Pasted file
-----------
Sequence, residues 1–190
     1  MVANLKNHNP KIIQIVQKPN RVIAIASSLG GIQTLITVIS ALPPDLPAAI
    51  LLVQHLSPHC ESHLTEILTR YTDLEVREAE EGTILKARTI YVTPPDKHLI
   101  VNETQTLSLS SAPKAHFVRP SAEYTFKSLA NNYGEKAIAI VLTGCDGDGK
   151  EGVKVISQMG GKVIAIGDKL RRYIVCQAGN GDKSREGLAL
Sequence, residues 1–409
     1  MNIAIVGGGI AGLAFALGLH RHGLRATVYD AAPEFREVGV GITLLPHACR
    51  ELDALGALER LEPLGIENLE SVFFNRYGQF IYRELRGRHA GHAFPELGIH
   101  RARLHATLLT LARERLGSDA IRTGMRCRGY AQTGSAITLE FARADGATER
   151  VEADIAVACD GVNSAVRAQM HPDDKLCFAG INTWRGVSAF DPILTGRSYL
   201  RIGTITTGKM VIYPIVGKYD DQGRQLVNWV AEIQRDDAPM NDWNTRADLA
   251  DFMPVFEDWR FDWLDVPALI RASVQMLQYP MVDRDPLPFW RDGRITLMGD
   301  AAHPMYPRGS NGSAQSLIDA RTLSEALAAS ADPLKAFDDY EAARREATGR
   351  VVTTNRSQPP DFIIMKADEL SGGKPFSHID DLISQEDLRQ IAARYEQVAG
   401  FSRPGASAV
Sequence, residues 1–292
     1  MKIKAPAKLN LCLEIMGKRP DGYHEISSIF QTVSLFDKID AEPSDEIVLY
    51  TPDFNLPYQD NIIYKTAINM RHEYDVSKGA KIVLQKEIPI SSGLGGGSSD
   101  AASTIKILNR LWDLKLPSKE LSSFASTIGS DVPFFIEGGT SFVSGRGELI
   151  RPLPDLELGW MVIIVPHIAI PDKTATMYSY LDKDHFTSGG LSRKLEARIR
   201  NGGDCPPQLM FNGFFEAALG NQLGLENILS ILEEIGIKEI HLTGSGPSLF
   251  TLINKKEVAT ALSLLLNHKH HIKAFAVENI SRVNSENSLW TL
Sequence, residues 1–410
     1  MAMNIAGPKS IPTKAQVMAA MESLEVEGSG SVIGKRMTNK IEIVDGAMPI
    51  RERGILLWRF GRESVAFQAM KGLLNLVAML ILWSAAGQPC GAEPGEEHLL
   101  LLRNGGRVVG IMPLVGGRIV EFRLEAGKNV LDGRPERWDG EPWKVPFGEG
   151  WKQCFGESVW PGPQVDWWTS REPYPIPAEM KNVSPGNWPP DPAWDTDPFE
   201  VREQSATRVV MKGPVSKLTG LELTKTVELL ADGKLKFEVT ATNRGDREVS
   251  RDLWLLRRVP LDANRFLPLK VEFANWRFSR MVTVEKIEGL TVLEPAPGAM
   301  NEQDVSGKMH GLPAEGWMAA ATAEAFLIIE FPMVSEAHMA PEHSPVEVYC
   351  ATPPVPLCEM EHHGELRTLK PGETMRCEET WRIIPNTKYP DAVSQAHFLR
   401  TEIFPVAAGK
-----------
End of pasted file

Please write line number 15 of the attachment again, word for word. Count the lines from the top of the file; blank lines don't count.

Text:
   401  FSRPGASAV